I am only pulling three gallons this year for a couple reasons (I feel like I have explained this before...). First, I still have about a couple gallons of the first year lambic in bottles so adding two more gallons between the straight and blackberry lambic will give me enough to drink for the next year. The next year's pull will result in five gallons bottled (two reserved plus three pulled) so I'll have a huge supply of lambic and don't need to worry about building up a supply year after year. Second, by cutting down the amount pulled from four to three I can increase the average age of lambic at each pull from one and a half to just shy of two years. So even though I get new lambic each year I will effectively have two year old lambic each single year.


As a bonus shot, here's a picture of my holiday beverage. It's a graff of store-bought apple juice and some spare runnings from a tripel I brewed back in 2010 that I froze. I'm fermenting it with the Belgian yeast I cultured from the South Austin Golden Strong Ale and used in the Petrus clone. I haven't decided whether to spice it yet. I'll see how it tastes without. I'm fermenting it at ambient temperatures because it's floating in the mid-70s in my fermentation (bath)room and that's a good temperature for this yeast.

I wasn't going to brew a holiday beer this year but I just bought two pounds of whole leaf hops -- the Belma I wrote about earlier -- and they are taking up more freezer space than I thought they would, so I needed to move some stuff out and frozen wort was an easy one to take out and use. It's about fourteen hours into fermentation as of this picture.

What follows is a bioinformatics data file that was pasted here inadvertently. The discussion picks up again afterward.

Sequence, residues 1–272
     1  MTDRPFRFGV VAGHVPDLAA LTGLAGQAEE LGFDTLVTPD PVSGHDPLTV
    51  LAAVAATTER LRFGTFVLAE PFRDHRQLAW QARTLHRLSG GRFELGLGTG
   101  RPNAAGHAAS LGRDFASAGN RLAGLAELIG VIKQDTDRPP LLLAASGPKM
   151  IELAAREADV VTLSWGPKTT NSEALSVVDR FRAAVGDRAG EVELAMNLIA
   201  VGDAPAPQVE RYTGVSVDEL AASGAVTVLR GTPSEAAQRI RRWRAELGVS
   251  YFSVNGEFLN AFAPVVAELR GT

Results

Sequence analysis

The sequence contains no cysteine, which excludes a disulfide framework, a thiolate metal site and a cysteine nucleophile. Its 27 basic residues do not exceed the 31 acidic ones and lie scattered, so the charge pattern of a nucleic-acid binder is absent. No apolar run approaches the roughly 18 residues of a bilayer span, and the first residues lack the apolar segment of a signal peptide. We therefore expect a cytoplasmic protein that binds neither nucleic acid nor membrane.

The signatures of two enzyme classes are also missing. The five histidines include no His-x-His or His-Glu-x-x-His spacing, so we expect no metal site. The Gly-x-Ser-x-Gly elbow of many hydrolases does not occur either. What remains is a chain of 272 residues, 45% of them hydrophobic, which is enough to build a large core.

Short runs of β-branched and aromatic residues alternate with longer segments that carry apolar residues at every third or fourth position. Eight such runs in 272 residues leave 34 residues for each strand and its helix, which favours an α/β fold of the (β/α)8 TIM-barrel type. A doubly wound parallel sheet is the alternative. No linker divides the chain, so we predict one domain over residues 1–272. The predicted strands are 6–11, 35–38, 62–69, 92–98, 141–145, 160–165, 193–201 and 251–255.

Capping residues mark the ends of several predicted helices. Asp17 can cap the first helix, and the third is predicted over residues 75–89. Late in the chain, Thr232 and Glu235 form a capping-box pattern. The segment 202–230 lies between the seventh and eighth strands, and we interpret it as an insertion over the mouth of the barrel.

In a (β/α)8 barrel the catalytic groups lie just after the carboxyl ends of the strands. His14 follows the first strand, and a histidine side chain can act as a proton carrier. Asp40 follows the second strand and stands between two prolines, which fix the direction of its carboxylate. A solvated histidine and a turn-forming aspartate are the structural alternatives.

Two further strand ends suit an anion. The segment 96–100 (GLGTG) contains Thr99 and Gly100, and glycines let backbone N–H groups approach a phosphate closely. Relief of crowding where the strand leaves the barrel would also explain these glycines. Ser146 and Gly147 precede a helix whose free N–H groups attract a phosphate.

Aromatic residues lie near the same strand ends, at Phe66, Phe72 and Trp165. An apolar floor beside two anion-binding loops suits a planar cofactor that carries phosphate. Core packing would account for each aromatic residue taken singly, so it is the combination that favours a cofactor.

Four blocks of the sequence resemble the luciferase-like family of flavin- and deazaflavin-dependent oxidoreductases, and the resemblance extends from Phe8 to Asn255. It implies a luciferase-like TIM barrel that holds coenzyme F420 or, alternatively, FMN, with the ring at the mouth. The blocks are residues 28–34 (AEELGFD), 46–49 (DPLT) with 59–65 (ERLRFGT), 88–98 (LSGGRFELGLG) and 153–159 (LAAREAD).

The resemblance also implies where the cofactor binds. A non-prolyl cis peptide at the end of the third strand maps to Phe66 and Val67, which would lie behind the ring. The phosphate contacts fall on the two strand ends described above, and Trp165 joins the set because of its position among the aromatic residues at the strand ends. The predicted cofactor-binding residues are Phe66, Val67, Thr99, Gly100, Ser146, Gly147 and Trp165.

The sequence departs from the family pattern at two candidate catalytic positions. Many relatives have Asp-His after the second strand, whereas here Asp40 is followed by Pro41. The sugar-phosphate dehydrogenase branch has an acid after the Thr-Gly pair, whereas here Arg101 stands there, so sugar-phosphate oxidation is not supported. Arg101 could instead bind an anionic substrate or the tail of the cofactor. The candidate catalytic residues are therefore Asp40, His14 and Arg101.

3 comments:

  1. I'm a first time reader here and I enjoyed this post about your lambics. I can guiltily admit that I've yet to really try sour beers, but a solera is a new term for me and I love the idea of the blended aging process! Could you recommend a couple of good commercial bottles that I could pick up to get into sours?

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    Replies
    1. I'm glad you're enjoying it. I'm looking forward to tasting this year's portion in December.

      There's a lot of regional availability of sours that might affect what you have access to. The most commonly available are Lindeman's Cuvee Rene gueuze and Petrus Aged Pale, both of which I really like. Rodenbach and/or Rodenbach grand cru and Cuvee de Jacobins may be in your area as well. If you're lucky you might live in an area where you can find more pricey lambics from Cantillon, Boon, Drie Fontenein, etc. On a less sour note you may be able to find Petrus oud bruin and Liefman Goudenbond and yet still less sour Monk's Cafe and Duchess de Borgogne (neither of which I particularly enjoy).

      Domestic sours are usually only distributed to certain parts of the country but you may be able to find New Belgium's La Folie (sour brown) and this time of year Kick (sour pumpkin ale) or Clutch (blended sour brown and imperial stout). Jolly Pumpkin produces a good line of sours, Jester King makes a great farmhouse sour called Boxer's Revenge. Cascade Brewing makes well regarded sours. Russian River makes a line of sour beers that are exceptional. Lots of other breweries make a sour beer or two, such as Allagash, Odell, The Bruery, etc. if you can find those.

      It's hard to go wrong with a sour beer from a reputable brewer. There may be local brewers in your area sneaking out a sour beer. I'd recommend trying at least a lambic/gueuze and a flanders red or oud bruin just to see how those different styles taste. Not everybody loves both. American brewers are doing a good job of taking sour beer to different places than the usual Belgian styles so they are worth trying, too.

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  2. Thanks for the detailed reply, I'll be bringing your list next time I can head to my beer store!